Have you been told you are "too"--too sensitive, too picky, too thin-skinned, think too much, worry too much? Highly Sensitive Persons (HSPs) have AMAZING gifts to offer the world! I have such a passion for Sensitives, that I created a podcast called Unapologetically Sensitive, where we talk about the strengths you have BECAUSE of your sensitivity. It's not uncommon for HSPs to feel overwhelmed, exhausted, self-critical and not good enough. Let's work together and find your superpowers!

— Patricia Young, Licensed Clinical Social Worker in San Diego, CA

Since discovering this trait I have been able to share with many others what it means to be wired this way and how it impacts the way we exist in the world. Arming yourself with this information to understand yourself in a different way can be life changing! I am currently working on getting certified through Dr. Elaine Aron.

— Hollie Bearden, Licensed Marriage & Family Therapist in Kihei, HI
 

If you've always been told "you're too sensitive," I can definitely relate. Sometimes you just want to scream at the world, "YOU'RE NOT SENSITIVE ENOUGH!" I promise, there is a way to strike a balance. I can help you identify, understand, and communicate your emotions in a healthy way. There are tools I can teach you to manage moments in life when you feel like you're about to fall apart or when it feels like no one else understands. Being sensitive doesn't have to be a burden, it can be a gift.

— Dr. Alice Rizzi, Clinical Psychologist in New York, NY

I help clients with sensitive temperaments cope with living in a less-than-sensitive world. Signs that your or child might be a highly sensitive person include: -Easily overwhelmed by busy or noisy environments -Significantly bothered by physical discomforts such as scratchy clothing or temperature -Slow to warm up to new people and situations -Tendency to be a perfectionist -Difficulty making decisions -Processing emotions and experiences deeply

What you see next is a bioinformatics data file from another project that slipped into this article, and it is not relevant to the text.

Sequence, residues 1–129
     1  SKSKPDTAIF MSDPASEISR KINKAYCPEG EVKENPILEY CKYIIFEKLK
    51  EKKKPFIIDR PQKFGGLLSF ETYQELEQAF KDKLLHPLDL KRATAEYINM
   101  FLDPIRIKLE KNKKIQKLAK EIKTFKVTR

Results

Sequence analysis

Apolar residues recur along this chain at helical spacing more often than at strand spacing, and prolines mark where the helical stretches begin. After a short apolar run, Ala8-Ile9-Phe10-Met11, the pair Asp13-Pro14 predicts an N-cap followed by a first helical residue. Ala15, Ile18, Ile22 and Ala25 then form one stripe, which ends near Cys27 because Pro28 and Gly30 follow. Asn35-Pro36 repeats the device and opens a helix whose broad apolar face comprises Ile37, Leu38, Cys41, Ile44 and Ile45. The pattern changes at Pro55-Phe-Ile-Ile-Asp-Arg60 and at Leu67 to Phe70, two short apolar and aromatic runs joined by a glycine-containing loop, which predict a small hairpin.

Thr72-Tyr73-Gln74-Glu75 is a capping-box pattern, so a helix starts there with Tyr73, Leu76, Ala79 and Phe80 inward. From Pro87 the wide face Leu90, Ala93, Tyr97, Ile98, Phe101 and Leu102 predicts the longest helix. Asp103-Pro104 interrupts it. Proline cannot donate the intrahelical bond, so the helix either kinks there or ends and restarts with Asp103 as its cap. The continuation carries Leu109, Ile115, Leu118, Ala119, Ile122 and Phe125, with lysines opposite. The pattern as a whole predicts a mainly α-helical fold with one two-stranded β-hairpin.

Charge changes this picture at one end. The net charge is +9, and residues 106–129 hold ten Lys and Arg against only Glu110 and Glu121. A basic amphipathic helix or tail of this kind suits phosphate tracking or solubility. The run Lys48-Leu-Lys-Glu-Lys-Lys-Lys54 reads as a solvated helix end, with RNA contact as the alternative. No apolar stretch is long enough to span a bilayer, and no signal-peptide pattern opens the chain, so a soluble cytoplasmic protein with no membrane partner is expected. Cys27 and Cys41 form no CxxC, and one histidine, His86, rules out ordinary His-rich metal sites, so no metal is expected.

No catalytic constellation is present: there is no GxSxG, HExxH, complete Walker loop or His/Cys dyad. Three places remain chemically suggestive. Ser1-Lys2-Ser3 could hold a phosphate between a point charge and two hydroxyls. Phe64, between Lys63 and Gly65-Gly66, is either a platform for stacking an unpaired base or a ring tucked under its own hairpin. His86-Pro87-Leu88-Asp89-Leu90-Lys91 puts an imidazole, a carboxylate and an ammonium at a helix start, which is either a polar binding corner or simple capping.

— Emily Long, Licensed Professional Counselor Intern in Dallas, TX
 

You feel deeply, so much so that your own emotions can overwhelm you. Living life this way can be difficult. Being so sensitive feels like a liability. All this stimulus leaves you overwhelmed, tired and anxious. Being an HSP can be hard to navigate in a world that doesn’t value or validate this trait. You may have suspected that you’re different. Through therapy you can learn skills to make your HSP abilities an asset, and not a liability.

— Meala Datura, Licensed Mental Health Counselor in Mill Creek, WA

Are you an empath? Empaths feel "everything"! Many have developed anxiety in social settings due to feeling overwhelmed around others. I specialize in helping empaths develop boundaries. I do this through the process of therapy, and also through the use of energy work tools.

— Sara Rotger, Marriage & Family Therapist in Montrose, CA

My expertise with Highly Sensitive Person (also called sensory processing sensitivity) is based on personal and professional experience. I've completed Dr. Elaine Aron's books and video training. I'm a member of several groups for ongoing consultation and growth in this area.